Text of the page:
Ending factory farming. Ending animal cruelty.
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News Icon 4/15/2024

Images: Molly Condit / CIWFI / We Animals Media

In eastern North Carolina, a decades’ long battle between giant agribusinesses and local residents has impacted every part of rural life. The expansion of intensive pig farming has transformed the region and left a trail of environmental degradation and human suffering in its wake. Jessie Jarmon’s story is typical in the struggle between a community maintaining a healthy rural way of life amidst the encroachment of industrial animal agriculture.

Jessie Jarmon sits in a chair in his home.
After retiring from 20 years of military service in the early 1990s, Jessie Jarmon returned to his family home and property in Duplin County, North Carolina, to discover a massive increase in pig farming in the area. Jessie suffers from glaucoma and says the airborne bacteria from the pig farms causes tremendous discomfort in his eye.

How Intensive Pig Farming Impacts Rural North Carolina

Intensive pig farming took hold in eastern North Carolina during the 1980s, driven by the allure of cheap land, labor, and a lack of regulations. Today, epicenters of industrial pig production like Duplin and Sampson counties boast some of the highest concentrations of pig farms in the United States. Massive Concentrated Animal Feeding Operations (CAFOs) operated by corporate giants such as Smithfield Foods, confine tens of thousands of animals within long barns, devoid of access to the outdoors. The animals’ waste falls through slats in the barn floors and is collected in large, open pits or lagoons, where it is then disposed of by spraying onto nearby fields.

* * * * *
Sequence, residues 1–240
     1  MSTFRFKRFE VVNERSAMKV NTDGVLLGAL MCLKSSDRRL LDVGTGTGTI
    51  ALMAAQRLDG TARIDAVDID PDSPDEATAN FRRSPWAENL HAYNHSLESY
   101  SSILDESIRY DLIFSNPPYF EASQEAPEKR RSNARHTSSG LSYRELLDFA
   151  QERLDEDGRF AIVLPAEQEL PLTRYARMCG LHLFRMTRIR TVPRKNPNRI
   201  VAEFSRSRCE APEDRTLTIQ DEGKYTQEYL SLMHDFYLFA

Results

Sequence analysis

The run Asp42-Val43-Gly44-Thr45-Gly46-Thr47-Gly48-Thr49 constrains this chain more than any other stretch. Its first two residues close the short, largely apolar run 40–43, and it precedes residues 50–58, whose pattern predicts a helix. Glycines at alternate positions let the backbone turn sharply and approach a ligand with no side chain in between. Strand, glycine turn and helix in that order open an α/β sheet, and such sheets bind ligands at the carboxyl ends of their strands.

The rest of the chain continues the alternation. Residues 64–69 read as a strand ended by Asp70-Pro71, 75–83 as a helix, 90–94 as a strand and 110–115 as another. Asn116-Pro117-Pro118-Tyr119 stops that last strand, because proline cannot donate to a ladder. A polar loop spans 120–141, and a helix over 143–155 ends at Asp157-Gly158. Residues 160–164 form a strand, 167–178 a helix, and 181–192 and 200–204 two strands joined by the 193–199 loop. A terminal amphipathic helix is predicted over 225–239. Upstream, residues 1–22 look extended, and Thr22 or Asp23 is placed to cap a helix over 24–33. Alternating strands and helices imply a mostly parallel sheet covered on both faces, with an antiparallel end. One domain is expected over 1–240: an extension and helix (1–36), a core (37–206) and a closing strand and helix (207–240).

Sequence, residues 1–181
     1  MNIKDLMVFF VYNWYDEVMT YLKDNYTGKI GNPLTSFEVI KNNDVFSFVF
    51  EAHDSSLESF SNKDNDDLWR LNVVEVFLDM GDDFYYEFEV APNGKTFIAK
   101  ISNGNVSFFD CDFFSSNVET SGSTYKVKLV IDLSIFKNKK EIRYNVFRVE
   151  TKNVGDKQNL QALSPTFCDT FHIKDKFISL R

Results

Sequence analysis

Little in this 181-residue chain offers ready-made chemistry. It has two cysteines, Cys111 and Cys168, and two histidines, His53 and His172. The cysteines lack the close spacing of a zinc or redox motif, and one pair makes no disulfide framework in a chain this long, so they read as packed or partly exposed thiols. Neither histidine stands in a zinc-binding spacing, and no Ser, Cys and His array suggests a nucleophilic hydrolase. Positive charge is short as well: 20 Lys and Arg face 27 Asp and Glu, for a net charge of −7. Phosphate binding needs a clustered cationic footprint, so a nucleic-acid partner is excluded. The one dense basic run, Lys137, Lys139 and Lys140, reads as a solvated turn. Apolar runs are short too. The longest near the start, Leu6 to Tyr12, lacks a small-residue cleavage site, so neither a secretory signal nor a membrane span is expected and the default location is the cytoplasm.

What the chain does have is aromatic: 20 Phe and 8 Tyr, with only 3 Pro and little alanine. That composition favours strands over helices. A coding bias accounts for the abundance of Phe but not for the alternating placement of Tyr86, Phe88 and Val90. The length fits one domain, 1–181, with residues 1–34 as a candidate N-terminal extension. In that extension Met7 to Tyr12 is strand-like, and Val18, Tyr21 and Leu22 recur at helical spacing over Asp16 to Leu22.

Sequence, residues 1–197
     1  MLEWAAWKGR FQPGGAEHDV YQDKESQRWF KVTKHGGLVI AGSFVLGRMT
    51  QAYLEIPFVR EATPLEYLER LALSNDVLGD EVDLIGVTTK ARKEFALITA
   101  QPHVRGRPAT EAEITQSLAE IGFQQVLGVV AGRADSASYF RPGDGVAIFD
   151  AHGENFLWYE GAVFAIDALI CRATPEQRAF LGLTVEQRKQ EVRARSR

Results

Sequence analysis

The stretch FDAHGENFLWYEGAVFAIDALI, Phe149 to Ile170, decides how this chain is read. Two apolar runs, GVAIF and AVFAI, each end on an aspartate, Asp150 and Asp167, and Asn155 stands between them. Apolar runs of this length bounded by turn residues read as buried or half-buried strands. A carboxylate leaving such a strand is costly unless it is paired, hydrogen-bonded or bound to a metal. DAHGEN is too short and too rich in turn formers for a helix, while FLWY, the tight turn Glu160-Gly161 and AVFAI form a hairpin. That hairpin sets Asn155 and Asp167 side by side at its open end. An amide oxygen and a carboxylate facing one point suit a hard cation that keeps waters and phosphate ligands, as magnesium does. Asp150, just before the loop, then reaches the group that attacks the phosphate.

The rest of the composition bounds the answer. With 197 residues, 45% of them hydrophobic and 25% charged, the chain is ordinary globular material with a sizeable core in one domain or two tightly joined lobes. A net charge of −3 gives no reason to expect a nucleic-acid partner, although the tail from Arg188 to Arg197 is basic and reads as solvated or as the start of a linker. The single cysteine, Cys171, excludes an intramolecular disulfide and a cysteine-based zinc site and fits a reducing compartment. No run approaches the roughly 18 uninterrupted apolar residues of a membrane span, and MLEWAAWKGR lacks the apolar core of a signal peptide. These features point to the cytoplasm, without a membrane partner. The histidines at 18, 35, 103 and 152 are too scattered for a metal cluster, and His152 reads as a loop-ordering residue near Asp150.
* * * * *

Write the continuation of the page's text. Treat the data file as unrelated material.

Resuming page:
According to data from the North Carolina Department of Environmental Quality, pig farms in North Carolina produce an estimated 10 billion gallons of liquid waste each year. Bacteria and chemicals associated with farm waste have been found in large quantities in North Carolina’s waterways as well as inside nearby residents’ homes and drinking water.

Rural, low-income communities with predominantly African American and Native American populations are disproportionately affected by the negative impacts of intensive pig farming, such as increased exposure to contaminated water, air pollution, and higher rates of respiratory illnesses. A 2018 study published in the International Journal of Public Health found that residents living near pig farms in North Carolina had higher rates of respiratory problems, including asthma and chronic obstructive pulmonary disease (COPD), compared to those living further away. The study found that exposure to airborne particulate matter from pig farm waste was likely a contributing factor.

Jessie Jorman stands outside in front of a cattle farm.
Jessie Jarmon stands in front of an electrified fence separating his family's property from the industrial pig farm less than a kilometer from his house. Some regulations require that industrial pig farms raise a minimum number of cows to graze the surrounding fields that serve as outlets for routine spraying of drained waste water from the farm's manure lagoon.

Jessie’s story

Jessie Jarmon, born in 1955, resides with his three brothers on a family farm steeped in generational heritage. A veteran of the military’s airborne division turned cardiovascular technician, Jessie's return to civilian life was marked by a stark transformation in his surroundings. What once was a pastoral retreat soon became enveloped by the stench and shadow of industrial swine production, with an estimated twenty CAFOs within a mile radius of his home.